Sharing Art: A Glimpse into the Zirinsky Collection

Driek and Michael Zirinsky stand in front of a painting

Driek (left) and Michael Zirinsky stand in front of “New Moon” by Hung Liu in the gallery of Up Close & Personal.

 

Upon entering Up Close & Personal: The Body in Contemporary Art, viewers will encounter many variations of the human form. From full portraits to paintings revealing fragments of the figure, the exhibition examines the human body through the expressive lens of 60 artists.

These stunning works come from the renowned collection of Driek and Michael Zirinsky and are just a fraction of the couple’s collection.

For Driek, her love of art and collecting has roots in her family. Both her grandfathers and her father were collectors.

“My dad loved art and was always clipping things out of newspapers and magazines when he liked the design. He collected license plates, matchbook covers, stamps, all kinds of stuff,” she recalls.

In fact, her first artwork was a Dutch watercolor originally purchased by her father. The painting hung in her childhood bedroom until she left for college.

“When I went to college, I took it off the wall and down to the car when we were packing. My dad looked at me and said, ‘You’re taking that? Well, I guess it’s yours!’”

While she wasn’t thinking of collecting at the time, that watercolor is now one of more than 1,000 works in the Zirinsky Collection.

The Zirinsky Collection

Driek and Michael Zirinsky standing next to two sculptures

Driek and Michael Zirinsky stand with “Transform the World” (left) and “Untitled” by Judy Hill.

Both retired professors, the Zirinskys are based in Boise, Idaho. Their collection features a wide variety of works from regional, national, and international artists.

When considering a piece, Driek says it’s all about being grabbed by the work, both visually and emotionally.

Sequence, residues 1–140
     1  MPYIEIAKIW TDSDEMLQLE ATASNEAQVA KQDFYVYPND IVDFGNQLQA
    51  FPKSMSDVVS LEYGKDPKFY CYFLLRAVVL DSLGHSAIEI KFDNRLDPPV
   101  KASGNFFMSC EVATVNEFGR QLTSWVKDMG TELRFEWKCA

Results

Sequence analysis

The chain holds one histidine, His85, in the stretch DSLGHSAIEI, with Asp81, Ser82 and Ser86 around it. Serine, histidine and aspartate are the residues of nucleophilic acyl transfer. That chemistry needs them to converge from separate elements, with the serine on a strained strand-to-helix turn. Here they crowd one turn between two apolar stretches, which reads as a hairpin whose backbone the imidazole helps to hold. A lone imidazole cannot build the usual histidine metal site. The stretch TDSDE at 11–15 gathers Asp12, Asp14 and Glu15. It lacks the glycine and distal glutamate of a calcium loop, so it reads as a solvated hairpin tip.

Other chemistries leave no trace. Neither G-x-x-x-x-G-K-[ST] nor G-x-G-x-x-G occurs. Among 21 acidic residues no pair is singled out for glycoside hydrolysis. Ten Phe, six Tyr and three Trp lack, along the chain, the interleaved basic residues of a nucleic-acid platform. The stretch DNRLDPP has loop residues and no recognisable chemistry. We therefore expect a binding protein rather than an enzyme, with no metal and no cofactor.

“It’s the head, heart, and eye all interacting at the same time,” she explains.

It wasn’t until the early 1980s that she started getting more deliberate about the collection.

“I started thinking, ‘What is this all about? What am I doing?’ I started learning more about contemporary art, subscribing to art magazines, and going regularly to see art exhibitions.”

The couple would frequently attend gallery shows, personally meeting many of the artists whose work appears in their collection.

They typically have bought art from young artists early in their careers.

“So much of the art world is about buying for investment,” Michael says. That’s not the case for them.

“We don’t care if the artist has an exhibition record,” Driek says.

Instead, she is often drawn to pieces with a strong narrative, or a strong political statement. Then, after falling in love with a piece, she enjoys discovering more about the artist.

It’s only later that some themes or similarities emerge from the collection. For example, Mapping the Present at the Boise Art Museum featured a selection of works from the Zirinsky Collection by artists who use maps and mapping as part of their practice. Also, many of the artists are immigrants or have roots in more than one culture.

What’s next

Driek Zirinsky stands next to "Martha" and "Man Down."

Driek Zirinsky stands next to “Martha” and “Man Down.”

Moving forward, the Zirinskys say they’re turning their attention to finding good homes for some of their current works. For example, works from British artists have gone to the Yale Center for British Art in Connecticut. The Whatcom Museum will also receive new works from the Zirinskys for the permanent collection.

The Zirinskys intent to share their artworks with public institutions will enrich communities across the country and globe for decades.

As for those looking to start their own collection, Driek says to just dive in.

“You can buy work that you love for no more money than you might spend on a pair of shoes,” she says. “Don’t worry about what anybody thinks. You don’t have to go to New York, or even Seattle, to buy something really lovely.”

About Up Close & Personal

Curated by the Whatcom Museum Curator of Art, Amy Chaloupka, these works from the Zirinsky Collection explore the many ways we communicate with one another—through facial expression, body language, and more.

Chaloupka states, “In researching the artworks in this incredible collection, I am struck by the depth of empathy conjured by these artists, which is a unique tie that binds the work in this show. Centering the theme on and about the body naturally makes for deeply personal conversations, and I am excited to see how people connect with each work as they consider bodies outside their own.”

Visitors to the exhibition will notice three overarching themes: portraiture, narratives of the human form, and figure fragments.

To complement the exhibition, the Museum is hosting Artists X Artists at Old City Hall. Drawn from the Museum’s permanent collection, the exhibition explores intimate portraits of artists created by artists.

The Museum has previously shown work from the Zirinsky Collection in 2009 in Out of Bounds.

 

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